I haven’t posted in a while because here on the home front, beyond politics and Covid-19, I’ve been riding the roller coaster of Life. I’ve been hanging tight… It wouldn’t be Life if we didn’t have a few lessons to learn, right?
I wish all of you a wonderful holiday season and a happy new year 2021! And without further ado, here’s a happy memory from Christmas week, 1966.
“I was sixteen. I was driving myself to Denholm’s Department Store in a city twenty miles away on a school night. I must have told Mum and Dad what I was up to because I had to ask permission to borrow the car.
As proof of my emotional immaturity—and my hesitation to leave childhood behind—I was on my way to fulfill a childhood fantasy. I had always wanted to have my picture taken with Santa Claus.
On the second floor of the store, I saw Santa sitting on a golden throne in the Toy Department. His throne, hung with fragrant evergreen swags and a string of twinkling white lights, was the centerpiece of a green-carpeted platform placed three shallow steps above the rest of us. I joined the line of small children and their mothers, and they paid no attention to me. Well, maybe they did.
I was wearing an A-line, mint green, silk shantung dress. It was the prettiest dress I have ever owned in my life—bar none. I even felt pretty in that dress.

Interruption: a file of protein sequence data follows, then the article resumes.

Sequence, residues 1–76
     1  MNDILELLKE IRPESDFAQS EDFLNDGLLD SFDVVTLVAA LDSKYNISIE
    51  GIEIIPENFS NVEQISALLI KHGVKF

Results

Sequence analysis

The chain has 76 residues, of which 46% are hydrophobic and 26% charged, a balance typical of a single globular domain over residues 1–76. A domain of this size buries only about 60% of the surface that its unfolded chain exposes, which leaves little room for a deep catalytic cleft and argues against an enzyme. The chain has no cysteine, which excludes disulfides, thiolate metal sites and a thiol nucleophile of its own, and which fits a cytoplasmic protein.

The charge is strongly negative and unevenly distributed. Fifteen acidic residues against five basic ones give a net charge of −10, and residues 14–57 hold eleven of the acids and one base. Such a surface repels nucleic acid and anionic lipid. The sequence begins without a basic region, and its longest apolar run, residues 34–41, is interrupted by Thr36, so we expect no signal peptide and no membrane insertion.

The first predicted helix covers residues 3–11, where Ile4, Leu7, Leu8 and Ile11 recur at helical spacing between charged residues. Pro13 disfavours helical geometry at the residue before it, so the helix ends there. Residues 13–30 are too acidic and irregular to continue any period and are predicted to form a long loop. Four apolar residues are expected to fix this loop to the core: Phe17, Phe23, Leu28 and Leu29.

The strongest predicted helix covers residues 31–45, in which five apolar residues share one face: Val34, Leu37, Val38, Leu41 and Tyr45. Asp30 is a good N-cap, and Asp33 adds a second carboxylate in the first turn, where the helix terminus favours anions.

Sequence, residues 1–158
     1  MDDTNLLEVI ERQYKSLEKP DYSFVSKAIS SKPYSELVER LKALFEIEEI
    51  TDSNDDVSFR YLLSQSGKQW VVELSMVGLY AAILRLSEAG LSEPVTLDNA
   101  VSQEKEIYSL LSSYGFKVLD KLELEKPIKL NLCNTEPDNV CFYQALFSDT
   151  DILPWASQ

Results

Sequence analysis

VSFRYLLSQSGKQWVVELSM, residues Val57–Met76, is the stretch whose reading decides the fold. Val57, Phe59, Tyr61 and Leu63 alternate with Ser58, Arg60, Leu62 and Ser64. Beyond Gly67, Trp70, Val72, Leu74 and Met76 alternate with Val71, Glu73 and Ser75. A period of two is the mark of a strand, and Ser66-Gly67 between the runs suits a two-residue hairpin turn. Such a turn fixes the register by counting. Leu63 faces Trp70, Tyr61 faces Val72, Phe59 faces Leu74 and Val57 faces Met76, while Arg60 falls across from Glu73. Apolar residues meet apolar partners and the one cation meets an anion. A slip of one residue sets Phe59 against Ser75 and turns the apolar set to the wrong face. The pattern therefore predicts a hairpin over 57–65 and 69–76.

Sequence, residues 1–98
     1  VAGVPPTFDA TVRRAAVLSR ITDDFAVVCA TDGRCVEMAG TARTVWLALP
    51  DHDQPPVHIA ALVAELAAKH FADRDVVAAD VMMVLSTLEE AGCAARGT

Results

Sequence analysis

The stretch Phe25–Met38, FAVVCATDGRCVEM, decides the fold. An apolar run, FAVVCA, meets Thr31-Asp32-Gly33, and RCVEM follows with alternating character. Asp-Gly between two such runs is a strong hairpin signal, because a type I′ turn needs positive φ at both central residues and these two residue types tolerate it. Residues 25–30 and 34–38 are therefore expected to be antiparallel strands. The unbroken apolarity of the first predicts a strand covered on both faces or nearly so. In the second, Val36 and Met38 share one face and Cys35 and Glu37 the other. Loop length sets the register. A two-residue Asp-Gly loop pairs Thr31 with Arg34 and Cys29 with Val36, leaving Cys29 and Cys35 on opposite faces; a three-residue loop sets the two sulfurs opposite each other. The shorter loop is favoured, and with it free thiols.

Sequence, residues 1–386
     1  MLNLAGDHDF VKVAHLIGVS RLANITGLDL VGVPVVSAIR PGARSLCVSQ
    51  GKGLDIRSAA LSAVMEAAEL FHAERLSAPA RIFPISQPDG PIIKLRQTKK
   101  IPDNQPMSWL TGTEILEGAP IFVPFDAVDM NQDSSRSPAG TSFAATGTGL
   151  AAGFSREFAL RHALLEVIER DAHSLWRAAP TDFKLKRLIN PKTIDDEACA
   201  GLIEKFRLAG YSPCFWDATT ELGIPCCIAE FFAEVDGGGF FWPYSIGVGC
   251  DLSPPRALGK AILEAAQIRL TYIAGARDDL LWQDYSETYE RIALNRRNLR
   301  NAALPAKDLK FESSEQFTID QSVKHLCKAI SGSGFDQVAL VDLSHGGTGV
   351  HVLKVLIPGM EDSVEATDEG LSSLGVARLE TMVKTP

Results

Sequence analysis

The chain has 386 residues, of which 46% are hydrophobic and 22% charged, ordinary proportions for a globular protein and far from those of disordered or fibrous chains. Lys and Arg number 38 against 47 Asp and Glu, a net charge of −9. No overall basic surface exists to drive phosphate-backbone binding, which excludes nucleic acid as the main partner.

I was a little nervous and somewhat intimidated. I had my coat unbuttoned, ready to shed it quickly as I got closer to Santa.
When it was my turn, I handed my coat to an elf. I tiptoed up the steps to Santa and sat on the edge of his lap, just barely touching his red velvet thigh. I told him I didn’t want anything for Christmas except the photo, and I directed one of my rare smiles towards the elf with the camera. Santa didn’t say too much. Maybe he ho-ho-hoed. After the camera flash, I stepped down from the Santa throne and a few minutes later, my Polaroid was ready and Santa’s elf handed it to me in a Merry Christmas photo card.
I liked it. I did. There I was—carefully seated with Santa in my pretty green dress. My long brown hair looked just right. It was perfect. Even in my self-conscious state, I couldn’t find anything wrong with it. I stared at the photo as I rode down the escalator and floated out the door to where it was snowing lightly, just a scattering of fluffy flakes under the street lights to dust this fairy tale evening with Christmas magic.
I drove home on auto-pilot, parked the car in the driveway and before anyone had time to question me, I hung my coat in the hall closet and made my way upstairs to bed. I never shared that experience with anyone before now. Maybe I’ve always been a little embarrassed at being so lonely and emotionally withdrawn, but having my photograph taken with Santa Claus at age sixteen had given me Joy. I’m glad that I was brave enough to realize that it’s never too late to make something right.”Summersea, Linda. The Girl with the Black and Blue Doll.